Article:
Ryan says: Lester’s Decreased Velocity, Schwarber’s Awkward Defense, Heyward’s Surprising Offense
The Cubs got off to a great start against the Marlins on Thursday and despite a shaky performance from starter Jon Lester, they were able to pull out an 8-4 victory. It has only been one game, but here are my notes for the week.
• It was a rough day overall for Lester, who lasted just 3 1/3 innings while allowing seven hits and three walks. Some of the hits weren’t exactly frozen ropes, and the walks were at least partly due to an umpire with an erratic strike zone. But there’s no way to slice this that makes Lester’s performance anything but disappointing.
How big a deal is it? Not much, really. But Lester comes into the 2018 season looking to prove that his poor (for him) 2017 season is just a bump in a Hall of Very Good career, not the beginning of the end for the 34-year-old.
His velocity was down on Thursday, averaging 90 mph on the four-seam fastball and hitting 91.8 mph at the absolute fastest. When Lester came in second to Max Scherzer in the NL Cy Young voting back in 2016, he averaged just over 93 mph on his heater. Some pitchers still take time early in the year to build up velocity, but it’s something to keep an eye on as the season rolls along.
• Kyle Schwarber giveth, and Kyle Schwarber taketh away. This is why he’s such an enigma in left field. It’s fantastic that Schwarber lost weight, rededicated himself to becoming more of a well-rounded hitter, and opened the season with an absolute blast of a home run to right field. It’s less stellar that he has proven to still have some issues in the outfield grass.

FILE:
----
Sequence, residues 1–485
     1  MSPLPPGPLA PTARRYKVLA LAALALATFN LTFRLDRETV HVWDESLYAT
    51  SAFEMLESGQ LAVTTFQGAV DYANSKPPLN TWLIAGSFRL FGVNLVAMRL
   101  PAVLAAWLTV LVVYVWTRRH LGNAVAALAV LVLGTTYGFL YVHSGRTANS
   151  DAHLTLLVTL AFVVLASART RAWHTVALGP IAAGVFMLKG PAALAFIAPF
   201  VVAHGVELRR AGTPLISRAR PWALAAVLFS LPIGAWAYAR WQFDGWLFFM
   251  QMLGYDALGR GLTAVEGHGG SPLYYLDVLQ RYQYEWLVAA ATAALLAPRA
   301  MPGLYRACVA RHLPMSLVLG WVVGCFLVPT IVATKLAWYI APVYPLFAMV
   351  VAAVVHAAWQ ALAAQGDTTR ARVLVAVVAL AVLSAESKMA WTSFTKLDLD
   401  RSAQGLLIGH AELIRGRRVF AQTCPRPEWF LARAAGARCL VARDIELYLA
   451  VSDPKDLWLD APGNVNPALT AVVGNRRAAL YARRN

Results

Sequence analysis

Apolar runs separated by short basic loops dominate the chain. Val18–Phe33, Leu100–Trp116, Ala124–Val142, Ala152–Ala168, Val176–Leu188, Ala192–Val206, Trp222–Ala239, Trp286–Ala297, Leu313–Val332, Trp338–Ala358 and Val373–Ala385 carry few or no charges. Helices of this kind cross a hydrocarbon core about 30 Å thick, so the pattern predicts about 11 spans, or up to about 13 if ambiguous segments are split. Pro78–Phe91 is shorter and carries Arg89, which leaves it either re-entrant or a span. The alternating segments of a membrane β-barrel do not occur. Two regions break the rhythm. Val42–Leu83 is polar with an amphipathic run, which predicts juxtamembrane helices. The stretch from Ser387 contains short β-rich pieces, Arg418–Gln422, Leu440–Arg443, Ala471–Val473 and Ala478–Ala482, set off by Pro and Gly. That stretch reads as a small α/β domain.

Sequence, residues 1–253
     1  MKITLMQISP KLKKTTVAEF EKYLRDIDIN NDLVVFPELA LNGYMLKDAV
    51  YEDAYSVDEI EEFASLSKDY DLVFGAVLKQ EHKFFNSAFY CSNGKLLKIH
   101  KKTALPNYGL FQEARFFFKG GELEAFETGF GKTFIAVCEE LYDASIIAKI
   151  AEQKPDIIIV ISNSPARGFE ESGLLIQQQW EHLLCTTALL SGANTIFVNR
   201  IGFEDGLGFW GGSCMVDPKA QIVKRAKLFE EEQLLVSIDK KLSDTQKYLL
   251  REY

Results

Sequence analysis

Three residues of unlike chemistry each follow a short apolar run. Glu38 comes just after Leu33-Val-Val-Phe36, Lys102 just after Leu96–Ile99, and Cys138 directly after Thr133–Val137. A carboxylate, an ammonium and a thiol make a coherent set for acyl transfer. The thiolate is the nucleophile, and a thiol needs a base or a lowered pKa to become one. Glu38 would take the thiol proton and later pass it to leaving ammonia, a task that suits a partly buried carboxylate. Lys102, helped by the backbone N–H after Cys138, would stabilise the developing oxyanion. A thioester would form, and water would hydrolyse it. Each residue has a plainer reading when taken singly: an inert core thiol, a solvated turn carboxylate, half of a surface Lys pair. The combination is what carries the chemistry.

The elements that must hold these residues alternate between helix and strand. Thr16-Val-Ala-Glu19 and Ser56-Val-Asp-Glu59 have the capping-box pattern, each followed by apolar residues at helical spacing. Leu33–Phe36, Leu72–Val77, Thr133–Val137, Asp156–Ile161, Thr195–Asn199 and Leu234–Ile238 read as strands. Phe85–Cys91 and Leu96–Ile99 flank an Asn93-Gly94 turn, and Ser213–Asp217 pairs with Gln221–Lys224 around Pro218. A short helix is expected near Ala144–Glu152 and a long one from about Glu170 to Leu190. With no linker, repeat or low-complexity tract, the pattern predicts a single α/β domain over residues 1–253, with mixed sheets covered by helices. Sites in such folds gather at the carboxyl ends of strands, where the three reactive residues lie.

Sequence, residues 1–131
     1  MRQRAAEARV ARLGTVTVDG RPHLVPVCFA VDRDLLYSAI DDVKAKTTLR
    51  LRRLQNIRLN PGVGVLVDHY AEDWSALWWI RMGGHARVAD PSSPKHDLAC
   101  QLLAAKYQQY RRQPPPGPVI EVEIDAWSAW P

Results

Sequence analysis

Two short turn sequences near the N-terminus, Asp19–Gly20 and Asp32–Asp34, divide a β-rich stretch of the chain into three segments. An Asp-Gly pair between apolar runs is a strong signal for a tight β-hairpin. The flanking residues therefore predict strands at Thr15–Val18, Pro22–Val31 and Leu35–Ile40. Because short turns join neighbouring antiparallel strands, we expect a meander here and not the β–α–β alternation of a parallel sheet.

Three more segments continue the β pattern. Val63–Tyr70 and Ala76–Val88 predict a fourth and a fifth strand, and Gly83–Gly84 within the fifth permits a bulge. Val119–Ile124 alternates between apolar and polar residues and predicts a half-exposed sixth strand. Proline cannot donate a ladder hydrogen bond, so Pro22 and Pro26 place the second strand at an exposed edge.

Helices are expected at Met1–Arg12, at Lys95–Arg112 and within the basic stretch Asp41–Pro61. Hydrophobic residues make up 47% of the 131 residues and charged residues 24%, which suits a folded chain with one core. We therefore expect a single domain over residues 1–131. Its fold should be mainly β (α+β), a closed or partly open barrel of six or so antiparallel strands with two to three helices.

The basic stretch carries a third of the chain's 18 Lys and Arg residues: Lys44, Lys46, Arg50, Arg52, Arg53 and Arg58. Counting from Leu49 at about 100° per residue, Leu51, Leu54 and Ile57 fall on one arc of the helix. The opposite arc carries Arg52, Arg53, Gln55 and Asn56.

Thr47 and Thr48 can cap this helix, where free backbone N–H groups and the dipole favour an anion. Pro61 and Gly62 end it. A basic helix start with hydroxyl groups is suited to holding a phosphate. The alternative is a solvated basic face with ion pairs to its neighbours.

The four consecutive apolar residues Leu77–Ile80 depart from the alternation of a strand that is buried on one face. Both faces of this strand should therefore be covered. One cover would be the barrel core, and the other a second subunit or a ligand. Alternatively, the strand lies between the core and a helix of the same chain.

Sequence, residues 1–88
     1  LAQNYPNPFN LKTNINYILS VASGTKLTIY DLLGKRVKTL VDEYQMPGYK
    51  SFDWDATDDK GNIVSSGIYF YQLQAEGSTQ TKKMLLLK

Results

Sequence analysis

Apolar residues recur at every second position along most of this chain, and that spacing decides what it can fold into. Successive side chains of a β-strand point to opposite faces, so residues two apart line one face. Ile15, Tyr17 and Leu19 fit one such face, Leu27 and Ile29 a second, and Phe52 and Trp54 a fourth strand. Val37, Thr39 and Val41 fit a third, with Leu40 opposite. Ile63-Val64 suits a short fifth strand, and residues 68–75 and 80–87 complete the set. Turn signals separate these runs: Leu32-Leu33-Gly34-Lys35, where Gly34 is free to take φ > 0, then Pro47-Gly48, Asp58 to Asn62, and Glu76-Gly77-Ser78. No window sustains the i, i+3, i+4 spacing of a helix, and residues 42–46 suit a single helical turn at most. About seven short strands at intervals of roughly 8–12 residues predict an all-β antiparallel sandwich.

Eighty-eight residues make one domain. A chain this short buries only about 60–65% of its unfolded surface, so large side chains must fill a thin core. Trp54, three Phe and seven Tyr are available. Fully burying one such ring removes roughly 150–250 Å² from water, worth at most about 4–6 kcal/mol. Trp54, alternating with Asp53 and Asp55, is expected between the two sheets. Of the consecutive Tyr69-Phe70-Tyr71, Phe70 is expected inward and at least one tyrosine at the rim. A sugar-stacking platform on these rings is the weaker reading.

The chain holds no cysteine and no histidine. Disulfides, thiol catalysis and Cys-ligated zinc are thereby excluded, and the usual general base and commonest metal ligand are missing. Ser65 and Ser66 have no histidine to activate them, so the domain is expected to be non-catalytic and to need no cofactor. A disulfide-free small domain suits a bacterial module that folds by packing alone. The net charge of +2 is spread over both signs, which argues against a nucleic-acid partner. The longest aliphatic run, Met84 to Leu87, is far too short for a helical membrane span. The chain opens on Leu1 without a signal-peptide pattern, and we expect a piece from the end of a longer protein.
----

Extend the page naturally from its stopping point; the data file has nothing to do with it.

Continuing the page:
Although the weight loss should make Schwarber more nimble out there, maybe providing for a bit more range, it really doesn’t solve his major issue. Schwarbs is not a natural outfielder and really didn’t start playing there full-time until he was called up to Chicago as a rookie back in 2015. As such, he has poor outfield instincts, is prone to the occasional “wow, you never see that happen” error, and is terrifying to watch when he’s going back on a ball – like the one Derek Dietrich hit in the third inning.
I’m not saying that Schwarber can’t be passable in left field, because innings like he had on Thursday aren’t an everyday occurrence. But it seems to be a “hot take” on #CubsTwitter these days to admit that Schwarber is a poor defensive outfielder, and that by putting him out there you’re taking the risk of exchanging the occasional bad play (or bad route that leads to injury) for more dingers. Just embrace it, you guys.
• One major positive I took away from the Opening Day victory over the Marlins actually came from – checking my notes again, here – Jason Heyward. After a brutal spring in which he hit .191/.250/.319 in 52 plate appearances, Heyward came out and worked a walk from the erratic Jose Ureña in his first plate appearance. In his second trip, he cranked a double. But the most positive things, at least in my eyes, came in the next two plate appearances.
I welcomed Michael Cerami of Bleacher Nation to discuss this very thing with me on Locked On Cubs (shameless plug alert!), and Michael pointed out that Heyward’s deep flyout to right field in his next trip to the plate was 99 mph off the bat and flew 364 feet. It was an out, but often balls struck that way end up as doubles or homers at Wrigley Field.
Finally, Heyward reached base on catcher’s interference. That’s not all that impressive, but he also lined a frozen rope down the left field line that was foul by less than a foot. Four plate appearances is the smallest of small sample sizes, but what matters here is less the results and more the approach. Heyward had some great swings, creating the tiniest bit of hope that Chili Davis may help him turn things around in 2018.